News Wrap


In September 2017, more than one-third of the 27,000 tons of currency paper contracts finalised in December 2016, during the cash crunch days after demonetisation was announced, were cancelled. The part cancellation came after the Reserve Bank of India significantly lowered its indent for currency notes, six months after demonetisation. On 02 April 2018, currency paper manufacturers located in Switzerland, Russia, France, Italy, Germany, Indonesia, USA and Sweden were instructed to complete the destruction process of security material and raw material used for manufacturing Indian currency paper, in a time bound process. The instructions were issued by Bharatiya Reserve Bank Note Mudran Private Limited (BRBNMPL). The BRBNMPL is a wholly owned subsidiary of RBI that prints notes in two presses, one at Mysore, and the other at Salboni, in West Bengal. The foreign firms are to destroy all security, raw materials, used/unused dies and mould covers. There is a ban on any sale of wastage paper to an outside agency. Clarifications are wanting on the currency paper already manufactured to Indian specifications till 02 April 2018. The BRBNMPL communication only mentions spoilt/unused/surplus currency paper sheets and trimmings. Outstanding payments for the currency paper and raw materials, due to paper mills abroad, exceeds Rs 50 crore.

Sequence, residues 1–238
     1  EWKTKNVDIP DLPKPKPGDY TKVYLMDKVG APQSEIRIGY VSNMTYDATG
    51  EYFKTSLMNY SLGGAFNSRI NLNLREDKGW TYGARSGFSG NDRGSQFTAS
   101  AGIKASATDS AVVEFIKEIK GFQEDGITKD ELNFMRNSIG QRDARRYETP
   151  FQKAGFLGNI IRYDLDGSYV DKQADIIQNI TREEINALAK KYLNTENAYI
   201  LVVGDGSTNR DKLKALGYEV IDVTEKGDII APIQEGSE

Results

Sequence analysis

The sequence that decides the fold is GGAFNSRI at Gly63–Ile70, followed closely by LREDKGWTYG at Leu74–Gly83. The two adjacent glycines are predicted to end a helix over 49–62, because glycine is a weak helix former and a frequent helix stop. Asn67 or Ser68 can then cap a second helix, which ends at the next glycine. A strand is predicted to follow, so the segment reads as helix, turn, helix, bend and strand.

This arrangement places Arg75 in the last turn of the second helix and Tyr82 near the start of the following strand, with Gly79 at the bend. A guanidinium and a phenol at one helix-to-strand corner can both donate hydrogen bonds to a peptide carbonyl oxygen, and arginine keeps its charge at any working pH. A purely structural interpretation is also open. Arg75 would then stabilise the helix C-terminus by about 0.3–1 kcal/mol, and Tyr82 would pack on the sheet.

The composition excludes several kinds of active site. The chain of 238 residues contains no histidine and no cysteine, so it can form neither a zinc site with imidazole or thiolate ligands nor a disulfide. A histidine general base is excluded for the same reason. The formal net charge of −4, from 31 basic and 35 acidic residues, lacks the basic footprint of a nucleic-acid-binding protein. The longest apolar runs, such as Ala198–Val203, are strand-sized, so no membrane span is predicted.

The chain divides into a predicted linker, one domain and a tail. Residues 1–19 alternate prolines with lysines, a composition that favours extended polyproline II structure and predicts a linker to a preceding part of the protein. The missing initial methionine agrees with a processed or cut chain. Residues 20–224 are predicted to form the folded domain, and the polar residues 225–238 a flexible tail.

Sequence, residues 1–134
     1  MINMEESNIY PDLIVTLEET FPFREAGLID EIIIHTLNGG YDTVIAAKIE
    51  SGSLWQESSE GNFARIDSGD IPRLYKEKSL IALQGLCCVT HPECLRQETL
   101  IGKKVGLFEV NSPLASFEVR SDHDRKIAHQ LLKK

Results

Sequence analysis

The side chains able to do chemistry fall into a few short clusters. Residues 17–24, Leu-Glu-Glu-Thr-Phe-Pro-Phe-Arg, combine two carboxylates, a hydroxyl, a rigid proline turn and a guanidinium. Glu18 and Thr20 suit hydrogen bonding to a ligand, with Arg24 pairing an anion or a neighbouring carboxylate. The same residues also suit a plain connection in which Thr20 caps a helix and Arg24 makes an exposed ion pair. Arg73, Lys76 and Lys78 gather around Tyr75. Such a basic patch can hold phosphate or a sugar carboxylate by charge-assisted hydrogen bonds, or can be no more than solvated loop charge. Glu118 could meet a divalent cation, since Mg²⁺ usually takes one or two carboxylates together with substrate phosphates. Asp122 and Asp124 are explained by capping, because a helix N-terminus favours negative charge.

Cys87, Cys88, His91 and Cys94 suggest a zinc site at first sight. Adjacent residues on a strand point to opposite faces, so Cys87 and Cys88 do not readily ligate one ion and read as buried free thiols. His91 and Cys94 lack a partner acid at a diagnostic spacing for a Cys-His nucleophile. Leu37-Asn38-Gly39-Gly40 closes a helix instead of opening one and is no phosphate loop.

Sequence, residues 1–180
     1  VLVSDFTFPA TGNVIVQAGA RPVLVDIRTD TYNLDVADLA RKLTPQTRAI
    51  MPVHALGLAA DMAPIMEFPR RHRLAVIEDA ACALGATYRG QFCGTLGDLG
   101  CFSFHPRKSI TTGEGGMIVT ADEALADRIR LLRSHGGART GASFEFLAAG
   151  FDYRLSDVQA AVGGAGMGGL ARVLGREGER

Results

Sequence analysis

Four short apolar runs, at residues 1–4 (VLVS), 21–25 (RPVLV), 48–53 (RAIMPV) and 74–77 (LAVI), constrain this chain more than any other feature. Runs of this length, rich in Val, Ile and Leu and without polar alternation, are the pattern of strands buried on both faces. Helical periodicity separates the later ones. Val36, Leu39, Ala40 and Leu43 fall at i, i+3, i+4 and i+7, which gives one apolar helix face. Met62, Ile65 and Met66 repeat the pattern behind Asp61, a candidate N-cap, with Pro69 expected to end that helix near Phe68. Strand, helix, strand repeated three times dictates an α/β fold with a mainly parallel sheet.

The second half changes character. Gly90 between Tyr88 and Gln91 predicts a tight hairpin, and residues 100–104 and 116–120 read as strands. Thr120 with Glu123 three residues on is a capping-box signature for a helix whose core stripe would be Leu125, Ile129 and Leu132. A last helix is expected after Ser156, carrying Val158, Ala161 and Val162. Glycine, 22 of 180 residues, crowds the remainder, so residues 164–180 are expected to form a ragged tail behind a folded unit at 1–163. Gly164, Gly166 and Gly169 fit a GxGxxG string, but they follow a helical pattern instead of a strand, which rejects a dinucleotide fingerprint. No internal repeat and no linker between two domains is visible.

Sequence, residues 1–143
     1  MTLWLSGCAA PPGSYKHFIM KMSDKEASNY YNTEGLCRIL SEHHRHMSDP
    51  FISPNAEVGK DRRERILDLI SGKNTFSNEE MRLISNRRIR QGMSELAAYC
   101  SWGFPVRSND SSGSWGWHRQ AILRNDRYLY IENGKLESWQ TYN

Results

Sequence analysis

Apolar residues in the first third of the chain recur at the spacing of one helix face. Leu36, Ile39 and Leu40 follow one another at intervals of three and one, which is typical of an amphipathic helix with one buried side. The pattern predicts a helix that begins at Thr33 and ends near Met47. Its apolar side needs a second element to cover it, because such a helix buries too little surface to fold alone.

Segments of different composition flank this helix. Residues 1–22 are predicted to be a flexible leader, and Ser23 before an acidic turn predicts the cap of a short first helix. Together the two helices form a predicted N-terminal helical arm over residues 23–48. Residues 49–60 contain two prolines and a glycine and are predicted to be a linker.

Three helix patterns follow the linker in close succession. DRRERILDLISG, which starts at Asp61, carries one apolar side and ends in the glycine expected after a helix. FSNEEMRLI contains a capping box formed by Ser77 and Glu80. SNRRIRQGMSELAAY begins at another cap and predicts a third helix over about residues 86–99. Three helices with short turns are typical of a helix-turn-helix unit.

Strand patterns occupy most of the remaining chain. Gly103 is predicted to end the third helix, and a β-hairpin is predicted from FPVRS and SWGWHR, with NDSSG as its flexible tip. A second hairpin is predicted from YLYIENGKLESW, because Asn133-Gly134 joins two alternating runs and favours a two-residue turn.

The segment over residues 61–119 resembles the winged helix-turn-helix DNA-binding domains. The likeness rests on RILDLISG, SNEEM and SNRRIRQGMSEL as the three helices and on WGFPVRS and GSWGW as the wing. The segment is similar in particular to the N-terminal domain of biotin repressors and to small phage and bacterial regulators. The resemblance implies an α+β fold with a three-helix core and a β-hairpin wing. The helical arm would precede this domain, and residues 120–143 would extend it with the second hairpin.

Recently the Union Ministry of Finance rejected the Union Ministry of Rural Development’s report that recommended indexing annual Mahatma Gandhi National Rural Employment Guarantee Act wage revision to Consumer Price Index (Rural), instead of Consumer Price Index (Agricultural Labourers). Wages will remain unchanged in states like Jharkhand (Rs 168), Bihar (Rs 168), Uttarakhand (Rs 175) and Arunachal Pradesh (Rs 177), where the wages are already the lowest. Another five states are set to get a negligible wage hike of Rs 2 per day, which include Gujarat (Rs 194), Maharashtra (Rs 203) and Madhya Pradesh (Rs 174). The MGNREGA scheme started in 2006. In the worst wage revision since 2006, the MGNREGA workers in 10 states will get no hike in their wages for financial year 2018-19. The average wage hike for 2018-19 is 2.9%, only slightly higher than 2017-18’s 2.7%. Unlike 2018-19, in 2017-18 every state had an upward wage revision, even if marginal. In 2016-17, the average wage hike was 5.7%, for the scheme under MGNREGA. Tamil Nadu (Rs 224) has got the highest MGNREGA wage hike of Rs 19 per day. The CPI (Rural) is a better indicator of wage increase, as it gives lower weightage to food items. The basket of goods for calculating CPI(AL) is mainly food items, which is up to 72%. Beginning 01 April 2018, workers in 28 of the 36 states and Union Territories are getting wages, lower than minimum wages.

Fake News
India’s Union Ministry of Information and Broadcasting has amended guidelines for journalists’ accreditation stating that if a journalist is found to have ‘‘created and / or propagated fake news’’, the journalist’s accreditation will be suspended or permanently cancelled. As per a press release of 02 April 2018, the Press Council of India and News Broadcasters Association (NBA), the two regulatory bodies for print and television media respectively, will determine whether the news is fake or not. The Union A and B minister maintains that both these bodies were not ‘‘regulated / operated’’ by the government. The Union Ministry’s statement defined the punishment, and left both the definition of fake news, and the nature of the complaint open-ended. On 03 April 2018, the PIB Press Release was withdrawn.